y = -level
while y<=1 and x<n+1:
yield (x,y)
x+=1
y+=1
def diagwalker(n):
'daisy-chains the individual diagonal walkers'
assert n%2 # odd only
return it.chain(*(diagwalk(i,n) for i in range(n+1)))
```

This next code-block constructs the lattice graph that we'll explain below.

In [13]:

```
def construct_graph(level=5):
g=Graph()
g.level = level
g.add_nodes_from([(i,dict(pos=i)) for i in diagwalker(g.level)])
for x,y in g.nodes():
if y!=1 and x< g.level:
g.add_edge((x,y), (x+1,y-1) )
g.add_edge((x,y), (x+1,y+1) )
g.node[(0,0)]['val']=1L # long int
for j in diagwalker(g.level):
if j==(0,0): continue
x,y=j
g.node[j]['val']=sum(g.node[k]['val'] for k in g.predecessors(j))
return g
g=construct_graph()
```

The figuree below shows a directed graph with the individual pathways the particle can take from $(0,0)$ to a particular end. The notation $(k,j)$ means that at iteration $k$, the particle is at $x=-j$ on the line. For example, all paths start at $(0,0)$ and there is only one path from $(0,0)$ to $(1,1)$. Likewise, the next terminus is at $(3,1)$, which is the pathway corresponding to reaching $x=1$ in three steps. There is only one path on the digraph that leads here. However, in this case, there are many pathways that are three-steps long, but that do not reach the terminus. For example, $(3,-1)$ is a path that leads to $x=-1$ in three steps.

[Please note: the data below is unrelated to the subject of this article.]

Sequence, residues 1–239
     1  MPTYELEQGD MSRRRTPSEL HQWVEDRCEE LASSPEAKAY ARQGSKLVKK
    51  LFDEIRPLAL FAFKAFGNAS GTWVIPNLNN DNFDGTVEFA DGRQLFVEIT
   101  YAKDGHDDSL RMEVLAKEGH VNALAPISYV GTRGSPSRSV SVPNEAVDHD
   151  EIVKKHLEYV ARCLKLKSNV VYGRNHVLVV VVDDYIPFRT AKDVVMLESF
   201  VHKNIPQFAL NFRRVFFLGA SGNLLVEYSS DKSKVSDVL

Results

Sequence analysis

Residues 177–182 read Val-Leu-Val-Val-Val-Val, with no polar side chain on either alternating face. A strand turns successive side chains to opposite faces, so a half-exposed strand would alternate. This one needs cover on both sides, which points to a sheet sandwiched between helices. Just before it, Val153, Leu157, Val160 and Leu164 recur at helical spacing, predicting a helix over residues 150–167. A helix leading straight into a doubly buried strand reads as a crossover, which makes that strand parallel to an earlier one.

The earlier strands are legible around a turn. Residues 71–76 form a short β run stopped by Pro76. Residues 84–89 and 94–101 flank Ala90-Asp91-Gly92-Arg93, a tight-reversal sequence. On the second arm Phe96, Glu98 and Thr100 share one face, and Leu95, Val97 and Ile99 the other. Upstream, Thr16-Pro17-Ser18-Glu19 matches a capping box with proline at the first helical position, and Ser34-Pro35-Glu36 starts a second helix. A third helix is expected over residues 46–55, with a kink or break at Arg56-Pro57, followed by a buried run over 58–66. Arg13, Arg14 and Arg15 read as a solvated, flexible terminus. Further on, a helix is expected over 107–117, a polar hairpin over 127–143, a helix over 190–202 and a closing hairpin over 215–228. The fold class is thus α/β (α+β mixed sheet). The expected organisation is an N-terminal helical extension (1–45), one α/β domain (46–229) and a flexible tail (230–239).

Let's use some of the powerful algorithms in `networkx`

to pursue these ideas.

In [14]:

```
fig,ax=subplots()
fig.set_size_inches((6,6))
ax.set_aspect(1)
ax.set_title('Directed Path Lattice',fontsize=18)
g.draw(ax=ax)
```

The lattice diagram above shows the potential paths to termination for the random walk. For example, the all paths that lead to the node labeled (5,1) are those paths that take exactly five steps to terminate. Note that this is a directed graph so the graph can only be tranversed in the direction of the arrows (arrowheads denoted by thick ends as shown). Fortunately, `networkx`

has powerful tools for computing these paths as shown in the following.

In [15]:

```
l5=list(nx.all_simple_paths(g,(0,0),(5,1)))
for i in l5:
print i
fig,ax=subplots()